Thursday, September 20, 2007

So Many Beautiful, Invisible Faces

It is a poverty that a child must die, so you may live as you wish"--Mother Teresa

"Invisible Children" is a compelling documentary that has sparked a youth movement across America and has served as an alarm clock to awaken the many of us asleep in the comforts of our freedoms. This documentary tells the story of the displaced children, trapped in the middle of a vicious 20 year civil war. Not only are these children starving, sick, separated from their families, and bombarded by death, but they live in constant fear of being captured by the rebel armies, who will either force these children to become soldiers or kill them. The rebel groups kidnap children as young as five and torture, threaten, and brainwash them until they do the rebels' bidding of stealing, killing, and terrorizing. If these children resist, the rebels kill them. If the children escape, their names are put on a list and hunted by name for the rest of their lives.

The unique aspect of this documentary is that it is kind of a fluke. The filmmakers, three boys in their late-teens/early twenties, kind of spontaneously traveled to Africa with a camera purchased on E-Bay, hoping to find a story. Three kids, who haven't even graduated college or have any professional experience, have sparked a massive grassroots movement for peace in Uganda and have raised the money and awareness to get African children the help they so desperately need. In a world where everyone told these naive and semi-goofy boys that their endeavor was impossible, they have achieved more than they ever dreamed of, simply because they were willing. Their lives have been forever changed by tending to the poorest and most vulnerable. After the documentary was released, they started a non-profit organization, also called Invisible Children, to raise money for Ugandan children. I do not know whether these guys are Christians or have become Christians, but I do know that they have encountered Jesus in the least, the lost, and the last.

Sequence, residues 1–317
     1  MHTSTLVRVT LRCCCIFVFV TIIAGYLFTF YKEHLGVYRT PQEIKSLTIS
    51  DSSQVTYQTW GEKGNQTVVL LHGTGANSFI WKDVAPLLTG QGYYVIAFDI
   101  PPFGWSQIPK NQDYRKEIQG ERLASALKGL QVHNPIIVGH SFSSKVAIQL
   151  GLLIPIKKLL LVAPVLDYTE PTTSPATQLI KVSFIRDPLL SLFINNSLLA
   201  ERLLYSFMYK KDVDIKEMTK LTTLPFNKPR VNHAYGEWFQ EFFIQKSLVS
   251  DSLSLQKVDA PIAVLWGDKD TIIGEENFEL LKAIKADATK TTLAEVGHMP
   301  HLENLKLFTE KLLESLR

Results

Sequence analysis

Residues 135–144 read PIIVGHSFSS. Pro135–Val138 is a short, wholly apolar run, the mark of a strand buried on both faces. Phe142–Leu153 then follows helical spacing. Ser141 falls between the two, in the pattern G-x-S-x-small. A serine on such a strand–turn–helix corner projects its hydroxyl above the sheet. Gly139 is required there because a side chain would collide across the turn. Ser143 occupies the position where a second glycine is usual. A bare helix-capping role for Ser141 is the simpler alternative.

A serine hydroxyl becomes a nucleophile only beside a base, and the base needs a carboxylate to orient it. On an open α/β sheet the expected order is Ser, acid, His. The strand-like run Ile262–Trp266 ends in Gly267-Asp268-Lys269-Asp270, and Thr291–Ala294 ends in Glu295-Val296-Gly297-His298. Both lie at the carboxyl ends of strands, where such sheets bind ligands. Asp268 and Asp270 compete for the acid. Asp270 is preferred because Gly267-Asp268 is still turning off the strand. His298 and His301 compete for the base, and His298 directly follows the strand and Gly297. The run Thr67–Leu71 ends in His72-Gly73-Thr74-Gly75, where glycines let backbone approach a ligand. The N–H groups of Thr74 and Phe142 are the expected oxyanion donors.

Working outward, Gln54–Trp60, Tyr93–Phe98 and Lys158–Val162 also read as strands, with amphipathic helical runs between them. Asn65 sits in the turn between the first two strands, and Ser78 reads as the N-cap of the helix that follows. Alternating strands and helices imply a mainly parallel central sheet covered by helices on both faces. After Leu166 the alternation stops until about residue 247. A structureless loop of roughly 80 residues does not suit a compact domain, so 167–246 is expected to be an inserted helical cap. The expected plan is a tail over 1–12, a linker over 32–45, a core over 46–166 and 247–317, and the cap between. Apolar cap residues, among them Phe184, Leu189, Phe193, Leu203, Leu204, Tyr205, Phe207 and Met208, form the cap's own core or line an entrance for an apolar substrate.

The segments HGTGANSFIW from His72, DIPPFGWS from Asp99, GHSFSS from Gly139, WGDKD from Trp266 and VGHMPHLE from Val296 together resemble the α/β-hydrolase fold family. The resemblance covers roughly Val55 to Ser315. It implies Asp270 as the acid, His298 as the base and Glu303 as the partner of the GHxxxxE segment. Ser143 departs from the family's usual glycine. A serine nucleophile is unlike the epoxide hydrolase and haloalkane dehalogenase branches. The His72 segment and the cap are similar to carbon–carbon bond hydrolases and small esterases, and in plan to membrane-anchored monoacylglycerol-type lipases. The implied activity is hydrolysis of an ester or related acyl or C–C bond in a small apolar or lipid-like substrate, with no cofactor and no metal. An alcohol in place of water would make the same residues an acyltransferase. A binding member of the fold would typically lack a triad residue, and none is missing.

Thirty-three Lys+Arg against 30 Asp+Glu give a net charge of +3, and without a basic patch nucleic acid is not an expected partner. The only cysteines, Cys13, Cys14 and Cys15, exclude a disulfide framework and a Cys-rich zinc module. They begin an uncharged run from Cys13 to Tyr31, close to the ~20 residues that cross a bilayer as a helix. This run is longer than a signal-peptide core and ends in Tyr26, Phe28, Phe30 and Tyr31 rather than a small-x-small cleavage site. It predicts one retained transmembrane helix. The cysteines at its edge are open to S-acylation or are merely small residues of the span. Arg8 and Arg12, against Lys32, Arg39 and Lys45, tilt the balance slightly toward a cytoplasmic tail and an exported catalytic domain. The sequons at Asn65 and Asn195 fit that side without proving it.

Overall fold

"'He plead the cause of the afflicted and needy; Then it was well. Is this not that what it means to know Me?' declares the LORD. " Jeremiah 22:16

The following video is a trailer for the documentary and the second video is a montage of some of the success stories of the children who have been helped by the Invisible Children organization. To find out more information or to get involved visit:


Holly said...

How inexpressibly sad. There comes a point when we have to go beyond being grateful for living in America where this sort of thing cannot happen, and start embracing the resposibility of being the richest, most powerful country and the world and become a beacon of justice and charity to these places.

Deborah said...

I love that song on the second video! I tend to be on the cynical side, but one person really can make a difference. Thanks for sharing!

Celia said...

Oh those clips are so sad. I don't know if I could make it through the entire documentary. But it does look like something my youth group should watch. Sometimes young teens are totally unaware of the suffering in other parts of the world. They need to learn about things like this so God can start cultivating the desire to serve these beautiful people in their hearts now.